Piano Hospital alum back to teach

Intern role prepares him for job he chose over field technician at school for blind

By Scott Hewitt, Columbian Arts & Features Reporter



'Renegades' by X Ambassadors

Check out a moving Youtube video of the X Ambassadors hit “Renegades,” focusing on people with disabilities — like amputees and the blind — who master challenging endeavors like skateboarding, boxing, wrestling and even mountain climbing.

The video is about “not only doing things that people don’t expect you to do, but doing it your own way,” Casey Harris said.

“All hail the underdogs. All hail the outlaws,” the song goes. “It’s our time to break the rules.”

More Information

Learn more about the Piano Hospital at pianotuningschool.org

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Leal Sylvester said no to the job offer of field technician for the Emil Fries School of Piano Technology for the Blind. That’s a demanding job, he said, and he’d already done it for years.

Sylvester’s counteroffer was that he wanted to teach those technicians — to follow in the footsteps of the fine teachers he’d had here in Vancouver.

“I had good teachers when I went to school here,” said the class of 1997 graduate in his gentle Caribbean accent. “This school has a good reputation for putting the best out in the field. I hope I can be somewhere near as good as the teachers I had.”

Sylvester, 39, is now interning as director of instruction at the so-called Piano Hospital. He arrived in August and will work with outgoing lead teacher Don Mitchell to master the school’s unique two-year curriculum and methodology, executive director Cheri Martin said.

Good ear

Leal Sylvester grew up in the U.S. Virgin Islands in a not-too-musical family, he said. As a blind boy, he got mixed messages about music: He was encouraged to try out instruments like the drums, the flute, the saxophone — but only at the level of blind-beginners’ novelty.

“If you’re a blind person, one of the first things they encourage you to do is play an instrument,” he said. But encouragement is different than instruction: “Most people don’t have the patience to teach a blind person to do something,” he said.

Fortunately, Sylvester found that he has talent with tools and machines as well as a good ear, he said. Also fortunately, a high school teacher observed the same things in him and connected him with a local piano tuner. Within a couple of hours, Sylvester said, he had a new dream for his future.

Even though Sylvester had travelled the mainland extensively with the U.S. Blind Powerlifting Team, he found coming to Vancouver and enrolling at the Piano Hospital in September 1995 “a little bit of culture shock,” he said. (It was even more of a shock when, four days later, Hurricane Marilyn slammed into the Virgin Islands. He couldn’t contact his family for six weeks, he said. But he didn’t worry much; when you grow up in that part of the world, he said, such disasters are familiar.)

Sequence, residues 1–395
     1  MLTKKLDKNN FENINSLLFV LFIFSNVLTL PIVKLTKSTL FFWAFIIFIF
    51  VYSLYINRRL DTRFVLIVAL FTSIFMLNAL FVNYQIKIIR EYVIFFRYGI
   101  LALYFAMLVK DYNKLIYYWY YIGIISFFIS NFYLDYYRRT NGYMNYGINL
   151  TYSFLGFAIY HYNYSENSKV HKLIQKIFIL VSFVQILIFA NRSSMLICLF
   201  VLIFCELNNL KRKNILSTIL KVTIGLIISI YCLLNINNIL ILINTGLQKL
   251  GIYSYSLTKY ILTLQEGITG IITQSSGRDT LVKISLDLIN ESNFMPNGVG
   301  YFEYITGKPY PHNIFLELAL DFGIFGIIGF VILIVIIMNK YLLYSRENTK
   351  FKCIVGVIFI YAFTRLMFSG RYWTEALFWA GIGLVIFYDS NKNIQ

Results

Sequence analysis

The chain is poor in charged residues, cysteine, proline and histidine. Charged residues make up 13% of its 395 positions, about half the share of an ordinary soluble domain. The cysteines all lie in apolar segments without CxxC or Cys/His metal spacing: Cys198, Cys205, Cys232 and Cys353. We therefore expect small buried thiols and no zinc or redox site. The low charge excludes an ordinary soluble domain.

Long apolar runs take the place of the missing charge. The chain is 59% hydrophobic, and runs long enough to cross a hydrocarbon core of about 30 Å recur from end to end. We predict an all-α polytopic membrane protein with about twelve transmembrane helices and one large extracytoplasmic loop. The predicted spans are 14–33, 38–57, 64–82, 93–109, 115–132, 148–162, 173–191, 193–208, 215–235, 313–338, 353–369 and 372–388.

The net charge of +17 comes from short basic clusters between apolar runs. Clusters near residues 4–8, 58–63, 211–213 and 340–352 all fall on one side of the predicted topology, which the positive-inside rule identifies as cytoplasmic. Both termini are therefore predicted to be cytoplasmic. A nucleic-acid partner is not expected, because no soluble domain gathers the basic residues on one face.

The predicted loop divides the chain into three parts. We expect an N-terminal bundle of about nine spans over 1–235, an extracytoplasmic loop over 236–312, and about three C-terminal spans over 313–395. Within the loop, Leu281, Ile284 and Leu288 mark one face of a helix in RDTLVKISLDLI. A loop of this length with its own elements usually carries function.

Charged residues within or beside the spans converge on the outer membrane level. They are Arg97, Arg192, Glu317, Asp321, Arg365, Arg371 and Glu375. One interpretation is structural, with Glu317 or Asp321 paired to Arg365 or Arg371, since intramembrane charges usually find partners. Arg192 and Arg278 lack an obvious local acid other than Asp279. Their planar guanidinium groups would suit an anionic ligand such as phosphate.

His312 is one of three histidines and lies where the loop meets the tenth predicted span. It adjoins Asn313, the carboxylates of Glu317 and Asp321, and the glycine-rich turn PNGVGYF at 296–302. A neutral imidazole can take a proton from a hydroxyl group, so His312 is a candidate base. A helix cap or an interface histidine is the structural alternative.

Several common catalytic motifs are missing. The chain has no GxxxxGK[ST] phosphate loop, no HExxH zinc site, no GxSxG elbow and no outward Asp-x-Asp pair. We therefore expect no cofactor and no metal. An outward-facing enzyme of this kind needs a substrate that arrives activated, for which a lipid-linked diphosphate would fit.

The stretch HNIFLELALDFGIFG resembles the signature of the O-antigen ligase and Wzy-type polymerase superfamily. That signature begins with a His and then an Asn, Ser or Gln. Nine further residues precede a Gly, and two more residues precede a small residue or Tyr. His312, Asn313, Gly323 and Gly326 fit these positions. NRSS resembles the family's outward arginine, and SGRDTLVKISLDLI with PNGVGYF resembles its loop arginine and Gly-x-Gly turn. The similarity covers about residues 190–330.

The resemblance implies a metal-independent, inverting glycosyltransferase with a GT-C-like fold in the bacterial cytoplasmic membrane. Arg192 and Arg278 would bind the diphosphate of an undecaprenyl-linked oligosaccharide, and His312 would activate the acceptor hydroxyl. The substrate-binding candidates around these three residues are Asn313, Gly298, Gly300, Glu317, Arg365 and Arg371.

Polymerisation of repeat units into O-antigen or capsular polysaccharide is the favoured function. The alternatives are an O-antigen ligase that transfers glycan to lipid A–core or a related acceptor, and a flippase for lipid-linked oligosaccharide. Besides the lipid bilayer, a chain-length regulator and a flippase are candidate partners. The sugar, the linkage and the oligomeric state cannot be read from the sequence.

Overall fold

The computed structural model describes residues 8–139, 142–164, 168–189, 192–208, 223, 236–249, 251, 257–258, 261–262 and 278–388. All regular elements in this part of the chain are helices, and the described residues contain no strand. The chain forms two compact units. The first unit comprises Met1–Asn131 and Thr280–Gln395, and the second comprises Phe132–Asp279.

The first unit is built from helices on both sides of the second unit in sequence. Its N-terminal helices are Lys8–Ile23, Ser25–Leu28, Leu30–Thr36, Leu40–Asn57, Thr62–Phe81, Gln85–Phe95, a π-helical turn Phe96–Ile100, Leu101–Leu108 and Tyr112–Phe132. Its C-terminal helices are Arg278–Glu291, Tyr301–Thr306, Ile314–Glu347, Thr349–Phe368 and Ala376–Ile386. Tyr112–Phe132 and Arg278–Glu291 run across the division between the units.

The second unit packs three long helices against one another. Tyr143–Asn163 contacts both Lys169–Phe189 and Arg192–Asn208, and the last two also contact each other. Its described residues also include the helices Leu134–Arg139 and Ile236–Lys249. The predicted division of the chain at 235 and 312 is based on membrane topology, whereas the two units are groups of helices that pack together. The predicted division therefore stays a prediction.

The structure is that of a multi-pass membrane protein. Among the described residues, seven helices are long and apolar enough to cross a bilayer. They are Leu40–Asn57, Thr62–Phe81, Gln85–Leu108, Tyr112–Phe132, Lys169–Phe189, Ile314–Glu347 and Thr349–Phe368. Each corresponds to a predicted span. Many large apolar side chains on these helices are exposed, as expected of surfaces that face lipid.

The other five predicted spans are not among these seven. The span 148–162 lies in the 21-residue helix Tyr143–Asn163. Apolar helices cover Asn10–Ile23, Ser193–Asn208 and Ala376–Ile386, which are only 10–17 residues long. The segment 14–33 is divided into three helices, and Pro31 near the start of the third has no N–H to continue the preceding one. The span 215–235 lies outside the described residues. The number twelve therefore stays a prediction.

“I got very excited” about the Piano Hospital, he said. “The more you could handle, the more they’d give you. Going to school every day was like going to a buffet. You never know what’s on the menu.”

That’s perfect training for running your own piano-tech business, Sylvester said. After graduating in 1997, Sylvester stayed on for four years as an instructor and field technician; eventually he started his own small business and worked part time for Classic Pianos in Portland; then, newly married, he moved near to his wife’s family in Texas and worked for Metroplex Pianos in Dallas — on projects like rebuilding used Steinways, he said.

Now, Sylvester is back in the area with his wife, Tyreca, and 4-year-old Leal Jr. “I am excited at the ability the school has to change lives by providing independence and opportunities for blind people,” he said. “For me, the school … opened doors and opportunities which I never imagined.”

Problem solved

Sylvester is the answer to a big problem for the Martin and the school. Last fall, the Piano Hospital board of directors offered the lead teacher job to another graduate, Canadian citizen Lori Amstutz. But Amstutz could not secure a work permit here — even despite the fact that her husband is a U.S. citizen. The infuriating situation never got resolved, and Amstutz was stuck working for months as an unpaid volunteer. In June, she and her husband regretfully threw up their hands and returned to Calgary.

Martin was in a panic. The small, nonprofit school struggles enough without setbacks like that, she said. And filling such a specialized job — supplying blind people the technical skills to be piano technicians as well as the business skills to make a living at it — is never easy.

Fortunately, Sylvester had said yes to the teaching job. Then he said yes to the director of instruction job that Amstutz had to abandon.

“Things were looking awesome, and they are looking awesome again,” Martin said.